- Aristocracy of Armed Talent: The Military Elite in Singapore by Samuel Ling Wei Chan
Chan claims that his book "represents the most detailed current account of the military elite in Singapore" (p. 349). Far from being an instance of scholarly hubris, the claim is justified in most respects. The author has undertaken the mission to (partially) unravel the camouflage surrounding the top brass of Singapore's military elite, elucidating the personal motivations, circumstances and structures that have defined their careers.
In the first chapter, Chan clarifies what he understands by the term 'military elite'. His primary concern is the career trajectories of 'flag officers', the highest echelon of the three services in the [End Page 389] Singapore Armed Forces (SAF); these officers wear the rank of brigadier-general (BG), its equivalents, or higher. He also engages with relevant scholars studying militaries, like Samuel Huntington and Morris Janowitz, and provides an overview of the academic literature on the SAF. Chan, like other scholars writing on the SAF, continues to face an uphill battle because of the paucity of declassified state documents. Nevertheless, by deploying empirical data from an arsenal of sources such as interviews, newspapers and other material published by the SAF's publicity arm, one cannot help but be impressed by the scholarly dedication of the author. Furthermore, the appendix contains meticulous records that will be helpful for future scholars writing about Singapore's defence and security and the SAF.
Chan provides a brief overview of Singapore's historical experience in setting up a professional military following independence. Chapter 2 affirms the dilemmas faced by Singapore's pioneer leaders in their attempts to convince the citizenry of the importance of defence and conscription through National Service (NS). The author convincingly recounts the obstacles in setting up a military during Singapore's early years as a nation-state, establishing a contextual base for subsequent chapters.
Chapters 3 and 4, meanwhile, are heavily based on the retrospective accounts of twenty-eight interviewees, all of whom are retired generals and admirals. These two chapters are probably the most enlightening parts of the book, yet the quality of scholarly inquiry plummets from here on. Both chapters humanize these elusive figures of authority who once commanded generations of men and women in uniform—institutions, after all, are made up of actual persons. For such an organization as the SAF—where power distance, hierarchy and narratives of patriotism are distinctive elements of its culture—Chan has managed to sieve out the more individualistic reasons that went into the decisions of these men to 'sign on'. They stem from human concerns: ambition, self-improvement and hope for a better life. His treatment of the sources, however, is largely problematic. Besides pointing out the dimension of "rhetoric [End Page 390] of modesty" and the vetting of his transcripts (pp. 24–25), Chan explicitly chose to de-emphasize the strongest aspects of these accounts: the human relationships and personal characters of his interviewees. These ingredients, if they had been included, would have tremendously enhanced his work. Chan himself makes the observation in the final paragraph of the book that "[t]he candid lived realities captured in this volume reveal frailties that made military elites human" (p. 361). Why exorcise the humanity from accounts that are inherently human? Furthermore, even though the author declares the enlistment and retirement dates of the interviewees (some serving decades apart from one another), using these interviews collectively and drawing broad conclusions from them unsurprisingly result in an unnuanced analysis.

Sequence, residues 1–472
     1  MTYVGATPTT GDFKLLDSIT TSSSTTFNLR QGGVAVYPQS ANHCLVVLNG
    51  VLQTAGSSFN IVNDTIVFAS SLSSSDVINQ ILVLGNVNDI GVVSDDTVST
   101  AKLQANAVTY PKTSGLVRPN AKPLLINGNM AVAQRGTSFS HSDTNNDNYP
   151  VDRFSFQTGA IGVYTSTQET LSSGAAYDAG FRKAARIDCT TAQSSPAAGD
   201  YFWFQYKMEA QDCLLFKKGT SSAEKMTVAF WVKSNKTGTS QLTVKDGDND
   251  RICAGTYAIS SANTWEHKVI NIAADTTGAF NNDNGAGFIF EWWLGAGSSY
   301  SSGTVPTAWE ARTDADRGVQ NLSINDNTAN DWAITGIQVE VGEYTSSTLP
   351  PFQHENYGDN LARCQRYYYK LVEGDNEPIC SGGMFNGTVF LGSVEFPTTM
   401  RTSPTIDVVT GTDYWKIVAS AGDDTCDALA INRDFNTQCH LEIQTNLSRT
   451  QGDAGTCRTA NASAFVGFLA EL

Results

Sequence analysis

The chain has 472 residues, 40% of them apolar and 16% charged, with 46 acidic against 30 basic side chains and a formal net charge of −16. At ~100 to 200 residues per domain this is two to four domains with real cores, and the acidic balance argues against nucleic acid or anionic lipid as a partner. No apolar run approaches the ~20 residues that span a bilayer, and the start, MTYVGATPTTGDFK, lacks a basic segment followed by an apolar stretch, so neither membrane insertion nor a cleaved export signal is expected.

Chapters 5 and 6 report on the promotion mechanism and structure of the military hierarchy, with the former also drawing upon the interviews. One does wonder why Chan made the decision to place these two chapters after chapters 3 and 4. A reversal of this order would have been more strategic as familiarity with the structure of the SAF would provide a more effective reading of the excerpts from the interviews. The overall outcome is a clumsy narrative, not to mention the frustrating need to retreat constantly to the twelvepaged...